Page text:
Volume 28 (2019) / Issue 4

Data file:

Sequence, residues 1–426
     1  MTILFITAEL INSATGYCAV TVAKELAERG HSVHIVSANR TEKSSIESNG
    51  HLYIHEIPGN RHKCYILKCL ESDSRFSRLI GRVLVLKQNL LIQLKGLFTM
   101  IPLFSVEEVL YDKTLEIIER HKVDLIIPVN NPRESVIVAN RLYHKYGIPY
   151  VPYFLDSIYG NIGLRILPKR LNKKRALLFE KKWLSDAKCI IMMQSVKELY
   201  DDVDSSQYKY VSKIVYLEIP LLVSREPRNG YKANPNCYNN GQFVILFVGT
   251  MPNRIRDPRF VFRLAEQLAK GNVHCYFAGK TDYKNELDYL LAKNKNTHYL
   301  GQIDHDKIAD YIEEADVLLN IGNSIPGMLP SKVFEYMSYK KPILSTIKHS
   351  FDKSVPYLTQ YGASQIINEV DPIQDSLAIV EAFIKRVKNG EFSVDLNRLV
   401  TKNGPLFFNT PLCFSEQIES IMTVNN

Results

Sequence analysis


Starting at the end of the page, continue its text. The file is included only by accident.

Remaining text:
This article presents a thorough overview of the VAT Gap measurement as an indicator of fraud. Recently, the measurement has received prime attention for its perceived correlation to the revenues lost due to fraud and its ability to help in the enactment of measures to eliminate it. The article aims at pointing out a so far unexplored limitation of this measurement, namely the absence of regional disparities. It is suggested that Small-Medium Enterprises (SMEs) located in rural areas can potentially be more prone to evade Value Added Tax (VAT), than those located in urban areas. Yet regional disparities are not taken into consideration, and do not influence, the VAT Gap measurement. It is argued that the lack of empirical data regarding regional disparities challenges the effectiveness of the measurement. This limits the possibility of having a wider understanding of VAT fraud tendencies and challenges the enactment of effective anti-fraud policy. It is nevertheless argued that, despite this limitation, consideration should be given to reforms that target SMEs within rural settings, such as increasing the levels of audits and enhancing tax morale.
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